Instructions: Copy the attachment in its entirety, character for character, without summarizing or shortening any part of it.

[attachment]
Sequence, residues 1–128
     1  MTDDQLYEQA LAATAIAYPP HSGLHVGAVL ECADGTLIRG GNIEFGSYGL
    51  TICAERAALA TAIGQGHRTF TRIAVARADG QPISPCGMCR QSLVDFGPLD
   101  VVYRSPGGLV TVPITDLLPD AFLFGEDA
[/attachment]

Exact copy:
Sequence, residues 1–128
     1  MTDDQLYEQA LAATAIAYPP HSGLHVGAVL ECADGTLIRG GNIEFGSYGL
    51  TICAERAALA TAIGQGHRTF TRIAVARADG QPISPCGMCR QSLVDFGPLD
   101  VVYRSPGGLV TVPITDLLPD AFLFGEDA